2009-01-31

which function is this?

As a short tip: in many of the programming modes, you can get the name of the function where your cursor is currently in using which-function-mode. You can set it globally in your .emacs, or make it mode specific using some hook, for example:
(add-hook 'c-mode-common-hook 
  (lambda ()
    (which-function-mode t)))
After you do this, the name of the current function will appear in the modeline (the status-bar).

Now, apart from the mode line, emacs also knows the concept of the header line. This is the first line of the display; it seems little used. However, if you'd like to have the function name there, maybe because the mode line is full already, see this trick on EmacsWiki (scroll down).

which-function-mode does not work for all modes; it needs some help from the major mode to figure out what counts as a function; in my emacs, the following modes work (you can check from the which-func-modes variable):

(emacs-lisp-mode c-mode c++-mode perl-mode cperl-mode python-mode makefile-mode sh-mode
 fortran-mode f90-mode ada-mode diff-mode)

I hope your own functions do fit on your screen, making which-function-mode less needed -- function should not be too long or complex. But it's still useful when reading other people's code, of course. Note, there are other ways to not loose your orientation when reading code; earlier, we discussed hideshow, which enables showing/hiding the function bodies.

4 comments:

Eric said...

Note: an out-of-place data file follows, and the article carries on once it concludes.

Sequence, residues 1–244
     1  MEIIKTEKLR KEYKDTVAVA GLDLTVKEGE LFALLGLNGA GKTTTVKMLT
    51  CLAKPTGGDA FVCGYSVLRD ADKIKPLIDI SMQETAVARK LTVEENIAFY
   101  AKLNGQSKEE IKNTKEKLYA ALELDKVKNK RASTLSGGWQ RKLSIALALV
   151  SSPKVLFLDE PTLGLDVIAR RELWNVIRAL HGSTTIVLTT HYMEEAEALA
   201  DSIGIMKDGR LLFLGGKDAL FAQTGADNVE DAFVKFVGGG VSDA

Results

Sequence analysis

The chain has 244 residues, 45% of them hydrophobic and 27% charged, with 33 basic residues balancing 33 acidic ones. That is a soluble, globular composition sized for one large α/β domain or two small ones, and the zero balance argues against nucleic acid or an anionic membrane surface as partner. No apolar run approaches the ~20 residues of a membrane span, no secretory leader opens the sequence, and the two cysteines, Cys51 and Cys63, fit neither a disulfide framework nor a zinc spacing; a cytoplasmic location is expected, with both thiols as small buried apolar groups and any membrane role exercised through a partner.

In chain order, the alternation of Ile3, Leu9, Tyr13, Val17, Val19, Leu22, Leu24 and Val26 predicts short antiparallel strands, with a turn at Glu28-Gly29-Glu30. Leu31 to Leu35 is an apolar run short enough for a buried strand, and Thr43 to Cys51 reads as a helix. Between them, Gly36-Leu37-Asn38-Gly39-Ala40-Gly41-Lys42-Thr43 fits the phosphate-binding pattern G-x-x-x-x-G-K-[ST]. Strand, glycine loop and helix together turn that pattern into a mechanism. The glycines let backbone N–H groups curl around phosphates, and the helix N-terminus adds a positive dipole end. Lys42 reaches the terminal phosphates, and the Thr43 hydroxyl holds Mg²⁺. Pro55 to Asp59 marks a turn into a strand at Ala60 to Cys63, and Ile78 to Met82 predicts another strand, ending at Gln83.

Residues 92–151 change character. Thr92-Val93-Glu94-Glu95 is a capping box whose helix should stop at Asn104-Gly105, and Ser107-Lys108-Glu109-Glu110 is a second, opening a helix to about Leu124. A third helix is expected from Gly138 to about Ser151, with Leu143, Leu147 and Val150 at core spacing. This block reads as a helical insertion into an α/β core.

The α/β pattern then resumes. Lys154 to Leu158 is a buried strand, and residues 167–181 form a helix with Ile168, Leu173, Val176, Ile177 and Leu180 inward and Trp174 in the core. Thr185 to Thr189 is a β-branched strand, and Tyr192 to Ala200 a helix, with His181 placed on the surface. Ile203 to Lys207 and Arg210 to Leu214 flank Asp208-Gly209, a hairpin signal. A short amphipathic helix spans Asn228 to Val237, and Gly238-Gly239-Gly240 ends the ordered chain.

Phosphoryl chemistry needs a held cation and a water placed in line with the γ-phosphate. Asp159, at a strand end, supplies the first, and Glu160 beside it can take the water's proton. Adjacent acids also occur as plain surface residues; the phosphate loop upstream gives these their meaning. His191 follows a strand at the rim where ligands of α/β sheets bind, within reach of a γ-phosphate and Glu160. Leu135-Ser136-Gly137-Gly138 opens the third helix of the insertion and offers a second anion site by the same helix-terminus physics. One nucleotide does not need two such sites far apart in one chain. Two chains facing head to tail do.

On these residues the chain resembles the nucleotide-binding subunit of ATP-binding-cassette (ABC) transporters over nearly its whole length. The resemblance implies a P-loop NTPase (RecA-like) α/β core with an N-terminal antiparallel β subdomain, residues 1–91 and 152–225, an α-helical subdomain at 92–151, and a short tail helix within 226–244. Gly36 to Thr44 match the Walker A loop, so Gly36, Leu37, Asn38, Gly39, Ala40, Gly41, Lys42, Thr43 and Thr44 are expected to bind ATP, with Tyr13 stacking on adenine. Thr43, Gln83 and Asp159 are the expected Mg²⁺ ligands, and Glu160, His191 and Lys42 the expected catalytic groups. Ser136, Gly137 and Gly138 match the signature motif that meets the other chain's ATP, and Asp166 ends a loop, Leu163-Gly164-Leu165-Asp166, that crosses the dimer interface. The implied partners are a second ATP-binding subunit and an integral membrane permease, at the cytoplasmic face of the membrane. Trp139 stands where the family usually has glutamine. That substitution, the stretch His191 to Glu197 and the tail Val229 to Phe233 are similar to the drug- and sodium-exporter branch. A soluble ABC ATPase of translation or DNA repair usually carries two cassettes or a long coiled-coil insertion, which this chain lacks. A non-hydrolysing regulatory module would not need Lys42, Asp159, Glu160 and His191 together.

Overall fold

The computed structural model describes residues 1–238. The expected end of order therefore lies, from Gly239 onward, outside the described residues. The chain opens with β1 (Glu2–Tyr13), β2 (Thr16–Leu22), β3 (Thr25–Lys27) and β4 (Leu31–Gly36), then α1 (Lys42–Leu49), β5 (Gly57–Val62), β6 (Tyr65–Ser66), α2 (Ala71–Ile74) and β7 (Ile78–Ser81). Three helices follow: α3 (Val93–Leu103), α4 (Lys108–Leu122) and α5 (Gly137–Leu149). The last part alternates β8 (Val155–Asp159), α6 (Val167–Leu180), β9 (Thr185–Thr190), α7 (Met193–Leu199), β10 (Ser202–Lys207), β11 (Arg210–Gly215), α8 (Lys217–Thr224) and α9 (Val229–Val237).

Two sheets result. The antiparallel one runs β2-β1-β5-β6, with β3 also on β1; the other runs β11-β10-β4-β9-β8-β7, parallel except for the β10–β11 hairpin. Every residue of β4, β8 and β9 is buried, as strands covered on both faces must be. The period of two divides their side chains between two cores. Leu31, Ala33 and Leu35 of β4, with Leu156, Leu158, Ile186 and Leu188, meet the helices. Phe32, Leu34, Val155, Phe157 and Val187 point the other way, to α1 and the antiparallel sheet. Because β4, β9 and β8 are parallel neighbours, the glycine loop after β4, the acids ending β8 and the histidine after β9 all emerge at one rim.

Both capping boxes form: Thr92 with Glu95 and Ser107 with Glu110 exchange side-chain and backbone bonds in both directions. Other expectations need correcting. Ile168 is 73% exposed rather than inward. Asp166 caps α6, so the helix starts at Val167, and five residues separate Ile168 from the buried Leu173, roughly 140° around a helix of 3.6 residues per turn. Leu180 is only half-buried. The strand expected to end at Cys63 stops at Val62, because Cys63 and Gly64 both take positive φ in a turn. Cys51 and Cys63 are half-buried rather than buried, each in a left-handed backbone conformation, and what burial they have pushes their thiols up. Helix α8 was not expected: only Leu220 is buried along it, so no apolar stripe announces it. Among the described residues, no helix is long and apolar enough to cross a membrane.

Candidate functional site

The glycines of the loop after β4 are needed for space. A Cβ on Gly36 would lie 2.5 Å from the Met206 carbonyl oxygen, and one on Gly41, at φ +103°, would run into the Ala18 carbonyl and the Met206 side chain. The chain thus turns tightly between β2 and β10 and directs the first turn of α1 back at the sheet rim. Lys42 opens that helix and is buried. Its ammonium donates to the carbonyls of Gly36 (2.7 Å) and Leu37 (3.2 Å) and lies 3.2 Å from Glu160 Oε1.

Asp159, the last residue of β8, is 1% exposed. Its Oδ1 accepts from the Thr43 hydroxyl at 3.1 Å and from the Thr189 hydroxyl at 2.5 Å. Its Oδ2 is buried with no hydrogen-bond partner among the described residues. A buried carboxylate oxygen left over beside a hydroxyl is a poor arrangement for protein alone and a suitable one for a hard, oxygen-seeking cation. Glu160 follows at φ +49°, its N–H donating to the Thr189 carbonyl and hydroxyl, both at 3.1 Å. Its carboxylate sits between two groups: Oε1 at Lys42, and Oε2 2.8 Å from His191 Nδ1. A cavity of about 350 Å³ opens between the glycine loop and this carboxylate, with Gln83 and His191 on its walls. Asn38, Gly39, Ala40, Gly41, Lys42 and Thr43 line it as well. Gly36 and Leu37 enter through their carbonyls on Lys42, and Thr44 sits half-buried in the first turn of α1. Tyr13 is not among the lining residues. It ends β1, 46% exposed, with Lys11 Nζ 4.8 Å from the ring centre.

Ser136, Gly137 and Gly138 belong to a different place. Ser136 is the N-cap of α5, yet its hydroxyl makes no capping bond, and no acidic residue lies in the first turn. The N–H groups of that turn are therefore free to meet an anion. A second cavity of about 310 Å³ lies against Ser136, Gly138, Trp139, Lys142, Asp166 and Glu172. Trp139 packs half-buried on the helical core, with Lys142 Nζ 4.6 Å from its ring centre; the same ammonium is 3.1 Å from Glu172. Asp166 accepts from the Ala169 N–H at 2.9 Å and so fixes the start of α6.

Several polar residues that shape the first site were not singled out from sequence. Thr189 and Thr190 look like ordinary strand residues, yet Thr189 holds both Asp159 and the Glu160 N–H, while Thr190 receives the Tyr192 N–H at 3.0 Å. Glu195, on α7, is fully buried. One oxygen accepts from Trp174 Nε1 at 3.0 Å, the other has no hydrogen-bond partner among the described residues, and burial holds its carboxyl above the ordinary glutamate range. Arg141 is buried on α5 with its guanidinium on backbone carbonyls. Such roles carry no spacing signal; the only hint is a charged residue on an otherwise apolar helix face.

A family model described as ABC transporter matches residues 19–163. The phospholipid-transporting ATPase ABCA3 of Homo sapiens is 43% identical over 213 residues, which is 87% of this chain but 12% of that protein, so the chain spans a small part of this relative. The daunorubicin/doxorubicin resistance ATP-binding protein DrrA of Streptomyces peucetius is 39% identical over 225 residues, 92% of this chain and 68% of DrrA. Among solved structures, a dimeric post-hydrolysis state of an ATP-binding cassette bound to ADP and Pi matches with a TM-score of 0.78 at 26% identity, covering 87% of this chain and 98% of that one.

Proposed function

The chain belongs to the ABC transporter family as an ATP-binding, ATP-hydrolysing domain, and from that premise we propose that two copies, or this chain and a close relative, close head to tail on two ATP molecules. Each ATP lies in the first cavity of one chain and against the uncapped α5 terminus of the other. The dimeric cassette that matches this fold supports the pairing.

In the CEDET package at cedet.sf.net, there is a lot of infrastructure for parsing and tagging files, plus a mode called 'stickyfunc' mode. It is similar to which-func, but shows the signature line of the function that has scrolled off the top of the buffer in the header line.

CEDET also adds which-func support for a few more languages.

djcb said...

@Eric: thanks for the link.

I've never really gotten into cedet - but I'll try it out. At least these days it's as easy a 'apt-get install cedet-common' in ubuntu to install it.

Rajarshi Tiwari said...

Thanks for Sharing this. Was quite useful :-) - Rajarshi

xaccrocheur said...

It does not work when a function is defined inside a function :

(defun first ()
"1st func."
(defun second ()
"2nd func."
(message "plop"))
(second))

(wherever you put your point in this sexp, the modeline will always say "first")

And this is precisely when you want this to work. So not only it is useless, it's also dangerously misleading.